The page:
Saturday, May 9, 2020

GateHouse: This country’s other growing and deadly epidemic

Matthew T. Mangino
GateHouse Media
May 8, 2020
The Centers for Disease Control and Prevention (CDC) have been engrossed in a battle to control an epidemic in this country that in 2018 alone took 67,367 lives. The epidemic is not a new strain of influenza, Ebola or some other deadly infectious disease. The epidemic is drug abuse resulting in overdose deaths.
According to the CDC, drug overdoses are the leading cause of accidental death in the United States. Nearly 70% of the 67,367 deaths in 2018 involved an opioid. Opioid addiction is the driving force behind the epidemic.
Ironically, the birth of the opioid epidemic can be traced to an effort to help people fight chronic pain. OxyContin, a time-release pain reliever, was approved by the government in 1995 and launched for use in the U.S. in 1996. FDA approval was granted to Purdue Pharma, a family-owned business, because of the drug’s 12-hour time-release component. At the time those suffering from chronic pain only had temporary relief every four hours. Within a couple of years, OxyContin exploded onto the illicit drug scene. The time-release aspect of OxyContin was easily defeated by chewing or crushing the tablet - causing a powerful high. Purdue had the opportunity to stop the supply of OxyContin to offices and clinics across the country that were serving as nothing more than pill mills generating enormous profit and providing very little medical care.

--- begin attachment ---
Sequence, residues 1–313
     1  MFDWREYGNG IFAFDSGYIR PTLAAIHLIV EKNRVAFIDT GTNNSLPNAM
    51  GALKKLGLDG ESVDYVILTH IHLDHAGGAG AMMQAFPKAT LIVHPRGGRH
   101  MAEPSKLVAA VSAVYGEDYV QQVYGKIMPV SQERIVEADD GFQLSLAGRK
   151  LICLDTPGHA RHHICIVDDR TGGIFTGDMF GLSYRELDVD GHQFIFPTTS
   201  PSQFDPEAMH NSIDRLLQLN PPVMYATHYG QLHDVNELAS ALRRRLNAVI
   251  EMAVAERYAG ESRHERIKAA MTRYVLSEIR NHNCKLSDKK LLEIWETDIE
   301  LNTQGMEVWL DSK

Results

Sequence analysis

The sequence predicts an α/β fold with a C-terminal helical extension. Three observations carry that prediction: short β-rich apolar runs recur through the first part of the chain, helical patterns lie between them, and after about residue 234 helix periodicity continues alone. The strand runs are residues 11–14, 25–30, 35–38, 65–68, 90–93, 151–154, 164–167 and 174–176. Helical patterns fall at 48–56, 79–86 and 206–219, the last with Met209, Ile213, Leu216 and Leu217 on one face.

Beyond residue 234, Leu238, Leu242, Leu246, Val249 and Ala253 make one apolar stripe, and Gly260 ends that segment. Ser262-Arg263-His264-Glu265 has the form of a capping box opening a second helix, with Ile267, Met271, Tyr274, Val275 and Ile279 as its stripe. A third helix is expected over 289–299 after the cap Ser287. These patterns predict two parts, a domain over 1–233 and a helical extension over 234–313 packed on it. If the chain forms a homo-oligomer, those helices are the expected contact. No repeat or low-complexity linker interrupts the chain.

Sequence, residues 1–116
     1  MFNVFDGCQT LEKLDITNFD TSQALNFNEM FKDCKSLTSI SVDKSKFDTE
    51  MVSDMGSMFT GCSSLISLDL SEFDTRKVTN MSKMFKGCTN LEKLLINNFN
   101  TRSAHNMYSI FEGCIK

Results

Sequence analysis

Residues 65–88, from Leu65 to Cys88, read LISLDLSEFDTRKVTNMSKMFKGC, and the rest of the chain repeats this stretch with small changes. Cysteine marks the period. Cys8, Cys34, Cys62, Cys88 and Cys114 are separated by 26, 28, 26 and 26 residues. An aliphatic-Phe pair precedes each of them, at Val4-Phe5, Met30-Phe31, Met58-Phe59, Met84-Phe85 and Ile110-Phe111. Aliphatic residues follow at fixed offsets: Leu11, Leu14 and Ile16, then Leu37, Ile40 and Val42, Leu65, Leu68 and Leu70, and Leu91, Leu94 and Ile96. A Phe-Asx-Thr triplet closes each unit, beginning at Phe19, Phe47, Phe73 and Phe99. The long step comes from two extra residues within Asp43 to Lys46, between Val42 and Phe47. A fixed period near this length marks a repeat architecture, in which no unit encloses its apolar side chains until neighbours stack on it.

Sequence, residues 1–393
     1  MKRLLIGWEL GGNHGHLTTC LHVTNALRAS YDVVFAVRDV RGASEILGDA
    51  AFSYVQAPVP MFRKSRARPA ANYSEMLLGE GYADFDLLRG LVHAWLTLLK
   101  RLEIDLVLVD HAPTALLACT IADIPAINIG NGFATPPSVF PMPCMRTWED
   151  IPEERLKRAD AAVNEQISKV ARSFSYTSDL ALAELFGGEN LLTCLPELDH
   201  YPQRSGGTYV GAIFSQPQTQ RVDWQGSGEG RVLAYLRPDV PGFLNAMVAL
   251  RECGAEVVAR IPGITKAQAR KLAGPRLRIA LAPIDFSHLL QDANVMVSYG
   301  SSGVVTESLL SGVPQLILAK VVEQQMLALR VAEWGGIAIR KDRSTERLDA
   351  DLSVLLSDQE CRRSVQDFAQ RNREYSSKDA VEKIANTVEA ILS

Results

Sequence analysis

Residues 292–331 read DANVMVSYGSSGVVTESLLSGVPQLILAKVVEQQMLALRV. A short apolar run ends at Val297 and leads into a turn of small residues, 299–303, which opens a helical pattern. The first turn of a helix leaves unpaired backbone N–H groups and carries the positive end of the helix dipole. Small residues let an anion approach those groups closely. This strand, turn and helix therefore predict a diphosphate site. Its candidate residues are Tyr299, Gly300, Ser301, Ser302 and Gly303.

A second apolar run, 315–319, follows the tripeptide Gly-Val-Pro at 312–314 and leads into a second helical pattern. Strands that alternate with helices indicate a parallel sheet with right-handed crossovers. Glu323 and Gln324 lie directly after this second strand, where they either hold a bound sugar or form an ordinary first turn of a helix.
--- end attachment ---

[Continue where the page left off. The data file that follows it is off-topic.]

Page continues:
Purdue Pharma is a privately held company owned by the Sackler family. Late last year, the family agreed to pay $3 billion over the next seven years to victims’ families, reported the New York Times.
Some of the states with the highest rates of death due to drug overdose are West Virginia (51.5 per 100,000), Pennsylvania (36.1 per 100,000) and Ohio (35.9 per 100,000). The magnitude of the opioid epidemic comes into focus when one compares the overdose deaths with the current COVID-19 death rate in those states, West Virginia (2.7 per 100,000), Pennsylvania (22.6 per 100,000) and Ohio (8.9 per 100,000).
The CDC acknowledges that a pandemic in the midst of an epidemic can be catastrophic. Opioid-related deaths are on the rise during the COVID-19 pandemic.
Brittany Shultz, a substance abuse specialist with the York County Opioid Collaborative in central Pennsylvania explained to WHP-TV in Harrisburg how “a combination of fears and increased isolation during the COVID-19 pandemic has contributed to the rise in overdose deaths.”
Restrictions on movement may lead those with a substance abuse disorder to opt to purchase drugs from less trusted sources, raising the risk of overdosing on drugs that may be stronger than anticipated or tainted.
Narcan, an opioid overdose antidote, has been hailed as a miracle drug. The drug administered by medical staff, police officers and even fellow drug users have pulled people out of a deadly overdose by administering an easy-to-use antidote.
Even in spite of readily available Narcan, overdoses continue to rise. Some suggest that drug users locked down in their homes during the pandemic don’t have friends to call for help or to administer an antidote.
The COVID-19 pandemic has complicated the lives of those in recovery. The loss of employment and social relationships has caused considerable mental health hardship to those already vulnerable to risky behavior.
While this country wages war and dedicates enormous attention and resources to this mysterious and deadly virus, and rightfully so, this country cannot afford to ignore a killer that has been with us for years and will continue to plague America for years to come.
Matthew T. Mangino is of counsel with Luxenberg, Garbett, Kelly & George P.C. His book “The Executioner’s Toll, 2010” was released by McFarland Publishing. You can reach him at and follow him on Twitter at @MatthewTMangino.
To visit the column CLICK HERE

No comments:

Post a Comment